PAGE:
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Monday, September 25, 2017

Column: Gone are the days we can safely give companies our personal information

The Equifax hack shows that now is the time for consumers to tell Congress to take more action to protect their personal data.

Courtesy of Wikimedia Commons

Sept. 13, 2017

The opinions expressed by The Maneater columnists do not represent the opinions of The Maneater editorial board.

Solomon Davis is a sophomore journalism major at MU. He is an opinions columnist who writes about technology for The Maneater.

Last Thursday, America woke up to arguably one of the worst data breaches to date. Equifax, one of the three largest American credit agencies, reported that it had been hacked and 143 million consumers were affected.

One can understand the scope of such a number, but it is not until you find out that you are part of the 40 percent of Americans whose information was stolen, including addresses, Social Security numbers, birthdates, driver’s license numbers and even credit card numbers, that it really starts to set in.

Here I am, only a sophomore in college and the victim of a massive data breach, through no fault of my own, that has the potential to impact me for the rest of my life. It is really reassuring to go to bed and know that any moment someone could be bidding for my information on some sketchy site on the dark web.

Right now, not much is known. In fact, the company is keeping information close to its chest. What we do know is that the data breach occurred between mid-May and July of this year. Equifax said the criminals somehow exploited a website application that they then used to steal the data.

If you do a little digging, according to an article from Fox Business, the hackers exploited a flaw in the open-source server software the company uses, Apache Struts. In March, Cisco Systems, Inc. let the public know that a bug in Apache Struts was being used in a lot of recent attacks. Equifax, on the other hand, appears to have ignored the warning and was using an old version of the software.

A website application? At this point, you might be just as confused as I was, because to me, open-source and website application should never be said together in the same sentence with regard to storing Social Security information.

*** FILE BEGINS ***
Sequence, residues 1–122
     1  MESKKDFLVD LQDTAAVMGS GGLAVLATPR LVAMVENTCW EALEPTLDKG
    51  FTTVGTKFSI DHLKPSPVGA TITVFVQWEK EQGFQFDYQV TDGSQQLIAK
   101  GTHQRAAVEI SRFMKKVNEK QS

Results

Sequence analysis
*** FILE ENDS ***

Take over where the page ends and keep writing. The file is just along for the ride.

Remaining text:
Hackers breaking into sites and stealing passwords has essentially become commonplace. Yahoo experienced the largest breach in 2013 and 2014 when upward of 1 billion user accounts had been hacked. However, the Equifax hack is arguably the worst because it involves Social Security numbers as well as information that can be used to steal the identities of more than 140 million people.

There is no way that I as the consumer can protect myself from the fallout of the Equifax breach. I was being a good steward of my finances and took advantage of my free credit report from the agency and now my data is exposed.

The Equifax hack is a call to action. Consumers can no longer stand by and just allow companies to store our data because they have shown they cannot safely handle it. A company that handles such sensitive data should have it stored safer than on a web server someone could easily access and then exploit, but the executives of the company not only failed to see a problem with it, they even used an out-of-date version.

It is time for Congress to start passing comprehensive rules that govern the storage and use of our data and time for companies to take stock of and invest heavily in their cyber security divisions.

Even if you have never heard of Equifax, if you have any type of credit, chances are the company has your information. To see if you are part of the 40 percent of Americans affected, go to

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